Tencent, one of China’s largest Internet companies, has unveiled its own demand-side platform (DSP) called Tango. It is aimed to give advertisers a more efficient and targeted ad platform to maximize their ROI by allowing them to bid for impressions through its premium inventory.
Simon He, director of product management at Tencent, tells ClickZ that Tango will compete with other DSPs in the market.
According to industry sources, there are more than 30 DSPs in China such as iPinYou, AdChina, Yoyi Media, and Avazu to name a few.
Tango’s competitive advantage includes its bidding algorithm capabilities and the ability to leverage massive user data for audience profiling and targeting, He explains.
Tencent’s DSP will have retargeting and dynamic creative features.
In January, Tencent officially rolled out its Private Ad Exchange that offers remnant inventory from its news portal QQ.com, QQ instant messaging platform, video, and Weibo site.
Google is said to have introduced programmatic buying into China with the launch of its AdX in May 2012 but has started evangelizing the market as early as late 2011.
There are currently five major ad exchanges in China – Google AdX, Tanx, (Alibaba’s Taobao ad exchange), Tencent Ad Exchange, SAX (Sina AdExchange), and Baidu Ad Exchange.
However, Tencent’s ad exchange is similar to Sina, which is an invitation-based private exchange unlike Google AdX and Tanx.
Tencent is also building a demand-management platform (DMP) that is now used internally for big data analysis and is not available to the public, He notes.
While Tencent is open to partnering with other DSPs for its private exchange, Tango, its DSP, will be used to service its own clients/advertisers that will compete with other DSPs in the programmatic buying space in China.
With Tango, Tencent aims to provide its advertisers with a “one-stop service” to programmatically buy audiences directly from its DSP and ad exchange.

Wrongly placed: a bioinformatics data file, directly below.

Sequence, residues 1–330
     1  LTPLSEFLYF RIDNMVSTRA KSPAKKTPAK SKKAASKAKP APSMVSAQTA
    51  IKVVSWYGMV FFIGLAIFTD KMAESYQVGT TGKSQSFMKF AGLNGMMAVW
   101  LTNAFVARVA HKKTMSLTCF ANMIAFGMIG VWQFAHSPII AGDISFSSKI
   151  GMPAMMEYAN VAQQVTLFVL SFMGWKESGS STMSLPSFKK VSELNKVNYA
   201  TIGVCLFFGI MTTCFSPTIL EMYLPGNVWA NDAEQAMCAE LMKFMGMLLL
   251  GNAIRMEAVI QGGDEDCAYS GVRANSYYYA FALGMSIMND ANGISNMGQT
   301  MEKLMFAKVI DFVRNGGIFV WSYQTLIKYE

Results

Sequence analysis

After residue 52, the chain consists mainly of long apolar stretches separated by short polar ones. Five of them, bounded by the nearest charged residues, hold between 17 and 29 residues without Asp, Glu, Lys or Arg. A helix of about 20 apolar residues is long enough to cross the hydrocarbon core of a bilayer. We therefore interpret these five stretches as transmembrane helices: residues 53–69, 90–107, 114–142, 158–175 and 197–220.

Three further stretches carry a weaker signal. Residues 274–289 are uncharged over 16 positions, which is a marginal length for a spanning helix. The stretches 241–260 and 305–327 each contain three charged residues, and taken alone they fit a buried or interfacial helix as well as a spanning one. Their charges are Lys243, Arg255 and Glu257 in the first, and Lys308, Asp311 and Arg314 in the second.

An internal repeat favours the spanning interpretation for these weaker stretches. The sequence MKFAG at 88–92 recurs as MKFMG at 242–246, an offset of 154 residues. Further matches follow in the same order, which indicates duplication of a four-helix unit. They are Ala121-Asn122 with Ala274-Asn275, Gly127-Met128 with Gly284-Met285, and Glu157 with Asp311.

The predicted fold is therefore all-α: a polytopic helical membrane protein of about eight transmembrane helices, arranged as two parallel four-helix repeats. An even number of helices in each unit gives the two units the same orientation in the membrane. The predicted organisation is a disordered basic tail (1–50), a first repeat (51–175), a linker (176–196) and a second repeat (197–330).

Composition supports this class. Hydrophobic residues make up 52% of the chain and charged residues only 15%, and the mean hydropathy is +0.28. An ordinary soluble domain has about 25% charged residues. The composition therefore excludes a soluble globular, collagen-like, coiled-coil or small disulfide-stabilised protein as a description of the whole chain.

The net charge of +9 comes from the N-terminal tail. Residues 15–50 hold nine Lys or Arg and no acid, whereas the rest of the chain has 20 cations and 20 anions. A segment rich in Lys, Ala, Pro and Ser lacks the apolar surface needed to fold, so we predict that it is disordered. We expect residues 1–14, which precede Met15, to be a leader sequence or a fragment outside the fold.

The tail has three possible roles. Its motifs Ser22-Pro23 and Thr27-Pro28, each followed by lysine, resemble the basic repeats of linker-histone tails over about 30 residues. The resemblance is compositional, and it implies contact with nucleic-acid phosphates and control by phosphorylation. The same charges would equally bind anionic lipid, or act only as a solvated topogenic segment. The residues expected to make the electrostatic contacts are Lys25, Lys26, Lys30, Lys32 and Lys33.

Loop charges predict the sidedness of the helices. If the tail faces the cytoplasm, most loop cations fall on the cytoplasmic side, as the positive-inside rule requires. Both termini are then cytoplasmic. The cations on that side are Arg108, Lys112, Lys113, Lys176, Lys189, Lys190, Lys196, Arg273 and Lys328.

In China, Tencent’s online ecosystem extends across entertainment, social, information, search, mobile, and e-commerce. This slide presented at SES Shanghai (ClickZ’s sister organization conference) last week shows Tencent’s platforms and its reach compared to the global equivalents.
Simon He, Tencent’s product management director, provides more background to its Tango DSP in this video (in Mandarin Chinese).
Mainland Chinese users can access the video here.
All top Chinese retailers, banks and internet companies share mobile data in earning releases. None of the top 10 US retailers do, nor does Google. US banks and Facebook are better.
A new starter in Team SaleCycle recently asked me the following question… “Wouldn't they just come back anyway?”
As emojis take over the world, more brands are experimenting with them in an attempt to stay relevant. What’s the best way to do so and what should be avoided?
American Apparel's chief digital officer discussed the future of retail, the importance of delivering value to the consumer, and strategies for an IoT and omnichannel world.